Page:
Researchers at a lab in Israel have claimed to have cured mice suffering from an immune reaction similar to those documented in coronavirus patients by using molecules from probiotic yogurt.
Raz Jeinek, a professor of Ben Gurion University, explained to The Times of Israel that the research team “induced aggressive cytokine storms in mice, akin to those of COVID-19 patients who are in very critical condition, and healed 100% of those that received the molecules.”
When a healthy body is fighting an infection, the immune system's natural response is to release cytokines, which are biological chemicals that signal the immune system to do its job. However, when there is a cytokine storm, often instigated by infections like influenza and pneumonia, the over-production of biological signals causes changes to the body that interfere with normal cell functioning, often resulting in inflammation of the infected area.
Inflammation can be fatal as shown in COVID-19 patients who experience shortness of breath and fevers. In the study led by Jelinek, the team found that out of the dozens of mice involved in the trial, there was a survival rate of 100% for those who received the probiotics.
The probiotics were found in kefir, a fermented yogurt with links back to Africa. The health benefits found in kefir are said to possibly have antibacterial and antifungal properties, though more research needs to be shown.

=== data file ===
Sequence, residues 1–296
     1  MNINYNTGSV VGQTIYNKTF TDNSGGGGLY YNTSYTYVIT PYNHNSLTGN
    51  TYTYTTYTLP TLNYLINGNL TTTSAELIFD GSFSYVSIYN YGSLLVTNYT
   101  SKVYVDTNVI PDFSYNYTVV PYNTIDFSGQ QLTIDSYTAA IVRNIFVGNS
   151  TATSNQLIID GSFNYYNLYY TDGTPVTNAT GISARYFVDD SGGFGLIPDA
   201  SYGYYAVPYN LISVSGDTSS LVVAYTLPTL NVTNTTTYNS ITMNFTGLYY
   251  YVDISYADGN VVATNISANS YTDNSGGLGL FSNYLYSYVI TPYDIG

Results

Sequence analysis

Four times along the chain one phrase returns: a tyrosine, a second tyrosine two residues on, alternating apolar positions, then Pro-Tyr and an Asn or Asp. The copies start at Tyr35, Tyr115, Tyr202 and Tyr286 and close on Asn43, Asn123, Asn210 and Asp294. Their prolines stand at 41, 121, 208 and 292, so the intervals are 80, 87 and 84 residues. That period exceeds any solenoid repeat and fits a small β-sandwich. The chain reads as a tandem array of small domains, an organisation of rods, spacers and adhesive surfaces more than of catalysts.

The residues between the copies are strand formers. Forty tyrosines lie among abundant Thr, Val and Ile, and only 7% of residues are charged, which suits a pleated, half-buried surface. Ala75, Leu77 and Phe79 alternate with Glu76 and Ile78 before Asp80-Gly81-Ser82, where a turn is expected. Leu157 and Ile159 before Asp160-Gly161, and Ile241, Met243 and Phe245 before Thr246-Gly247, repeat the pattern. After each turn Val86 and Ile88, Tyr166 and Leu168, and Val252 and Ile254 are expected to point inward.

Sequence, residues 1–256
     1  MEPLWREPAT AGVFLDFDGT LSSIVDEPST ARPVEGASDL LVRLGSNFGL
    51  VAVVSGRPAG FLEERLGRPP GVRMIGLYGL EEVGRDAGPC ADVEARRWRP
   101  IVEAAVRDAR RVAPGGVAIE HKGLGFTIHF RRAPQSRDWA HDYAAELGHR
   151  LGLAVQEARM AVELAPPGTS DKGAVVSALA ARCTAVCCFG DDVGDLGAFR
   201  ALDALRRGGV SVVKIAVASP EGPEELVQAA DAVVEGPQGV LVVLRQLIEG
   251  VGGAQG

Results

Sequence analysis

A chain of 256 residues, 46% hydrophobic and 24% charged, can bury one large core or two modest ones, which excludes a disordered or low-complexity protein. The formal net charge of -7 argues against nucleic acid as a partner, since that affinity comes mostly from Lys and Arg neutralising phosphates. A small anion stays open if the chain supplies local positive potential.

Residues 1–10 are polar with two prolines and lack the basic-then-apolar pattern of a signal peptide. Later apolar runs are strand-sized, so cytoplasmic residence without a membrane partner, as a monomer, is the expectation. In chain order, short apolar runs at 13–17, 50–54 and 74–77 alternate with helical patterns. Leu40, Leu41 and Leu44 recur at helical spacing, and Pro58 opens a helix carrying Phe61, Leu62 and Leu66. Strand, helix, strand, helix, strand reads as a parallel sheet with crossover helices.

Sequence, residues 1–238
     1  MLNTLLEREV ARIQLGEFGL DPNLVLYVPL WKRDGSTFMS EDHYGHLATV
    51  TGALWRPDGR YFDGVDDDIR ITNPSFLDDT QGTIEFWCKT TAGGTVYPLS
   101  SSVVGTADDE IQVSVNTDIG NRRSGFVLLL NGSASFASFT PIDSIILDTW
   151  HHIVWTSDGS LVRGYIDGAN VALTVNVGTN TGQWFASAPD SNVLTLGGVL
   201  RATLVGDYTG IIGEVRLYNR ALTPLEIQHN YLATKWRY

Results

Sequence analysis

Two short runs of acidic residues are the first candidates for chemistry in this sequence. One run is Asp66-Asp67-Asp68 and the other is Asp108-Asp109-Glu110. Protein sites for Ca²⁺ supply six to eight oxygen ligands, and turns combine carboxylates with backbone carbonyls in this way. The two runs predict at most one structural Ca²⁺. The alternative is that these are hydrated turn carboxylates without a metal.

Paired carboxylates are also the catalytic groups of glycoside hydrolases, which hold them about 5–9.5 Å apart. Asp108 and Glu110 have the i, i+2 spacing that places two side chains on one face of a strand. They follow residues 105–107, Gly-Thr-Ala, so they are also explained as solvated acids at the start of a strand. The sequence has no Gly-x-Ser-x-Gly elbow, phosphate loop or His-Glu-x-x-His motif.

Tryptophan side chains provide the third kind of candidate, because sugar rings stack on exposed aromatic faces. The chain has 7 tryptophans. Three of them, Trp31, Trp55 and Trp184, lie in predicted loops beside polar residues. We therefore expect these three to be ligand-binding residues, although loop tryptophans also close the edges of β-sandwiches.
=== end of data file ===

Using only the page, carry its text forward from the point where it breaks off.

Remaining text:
“If it turns out that this could be given to critical people, and have the same effect, that would be wonderful,” Jelinek told the outlet.
Jelinek explained that the research team had created their own kefir with the goal of making a product that had spiked levels of the desired probiotic yeast, and that it wasn’t until years later that the group managed to pinpoint “two molecules that have very unusual therapeutic qualities” that they say was able to help “cure” the mice of their infections.
Jelinek further acknowledged that the study had its limitations in that the “specific molecules he identified” came from his own lab-made kefir, and that it worked more like a subdued antibiotic as it did not “directly” fight the infection, but instead stopped it from getting worse.
“While antibiotic resistance is a real problem, these molecules don’t directly attack bacteria, but rather block the communication between them, meaning that the bacteria won’t have [a] chance to develop resistance mechanisms,” he explains.
The focus of the research was to prove anti-inflammatory benefits and the overall strength of the molecules in fighting bacterial infection like that found in COVID-19. The study is available in the peer-reviewed journal Microbiome. Additionally, BGN Technology, a biotech company under the Ben-Gurion University, has invested in producing probiotic drugs made of the molecules from this study.